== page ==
Real-World Testing Cuts Through Marketing Hype

Last week at the BlackHat convention in Las Vegas, Lidia Giuliano and Mike Spaulding gave a presentation entitled, “Lies, and Damn Lies: Getting Past the Hype of Endpoint Security Solutions.” Upon starting the presentation, Mike joked that they could have renamed it “Lawsuits, and Damn Lawsuits” for reasons that I’ll explain below.

With a combined 35 years in Information Security between them, Mike and Lidia have seen their share of infosec marketing hype. However, to effectively deal with rampant ransomware in their environment, they wanted to cut through all the hype.

Just like all security teams, they knew they needed to focus on protecting themselves, rather than buying into all the marketing buzzwords of the day. In their case, their business-centric goals were to reduce incidents, reduce people costs, keep the reputation of the firm, and keep the business running.

Testing Real-World Scenarios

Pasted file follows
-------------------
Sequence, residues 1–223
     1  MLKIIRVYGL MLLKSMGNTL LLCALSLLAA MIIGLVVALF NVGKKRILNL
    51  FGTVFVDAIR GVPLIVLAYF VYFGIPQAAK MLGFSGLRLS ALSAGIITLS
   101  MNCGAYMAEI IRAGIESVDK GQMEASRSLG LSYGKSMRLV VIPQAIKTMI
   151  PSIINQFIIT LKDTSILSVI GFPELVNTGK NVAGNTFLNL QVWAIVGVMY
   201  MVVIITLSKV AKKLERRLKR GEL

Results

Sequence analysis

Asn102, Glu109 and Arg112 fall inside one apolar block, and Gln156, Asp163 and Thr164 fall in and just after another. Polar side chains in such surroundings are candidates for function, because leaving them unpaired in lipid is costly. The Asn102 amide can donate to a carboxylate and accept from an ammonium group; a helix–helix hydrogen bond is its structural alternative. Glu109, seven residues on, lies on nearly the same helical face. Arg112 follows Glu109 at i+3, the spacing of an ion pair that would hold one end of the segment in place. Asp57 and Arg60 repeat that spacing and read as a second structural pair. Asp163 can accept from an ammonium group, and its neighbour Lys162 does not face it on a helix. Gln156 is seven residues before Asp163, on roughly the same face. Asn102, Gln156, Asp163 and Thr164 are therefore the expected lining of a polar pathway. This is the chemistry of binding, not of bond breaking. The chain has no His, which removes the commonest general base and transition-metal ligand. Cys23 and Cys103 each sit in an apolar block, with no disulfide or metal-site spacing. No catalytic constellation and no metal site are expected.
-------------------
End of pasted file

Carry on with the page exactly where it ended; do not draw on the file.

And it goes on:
As they began talking to vendors about potential solutions, they quickly realized that they would need to create their own test framework to effectively test their own real-world scenarios. They initially selected eight vendors, but once Mike and Lidia explained that they would essentially be doing a bakeoff, three vendors quickly dropped out.

Vendors dropping out of their test framework project speaks volumes – many vendors must realize that their products perform in the subpar range during real-world testing.

Throughout the course of the project, vendors gave Lidia and Mike varying kinds of bad advice:

  • Some vendors tried to seduce them into testing only within the vendor’s own cloud-based environment. Mike and Lidia saw right through this sham – the vendor controls the entire environment, which, of course, makes their product look superior and more effective than the competition.
  • Some vendors told them to only protect critical servers. Yet, in their environment, file shares were (Read more...)

This is a Security Bloggers Network syndicated blog post authored by Alan Krassowski. Read the original post at: Cylance Blog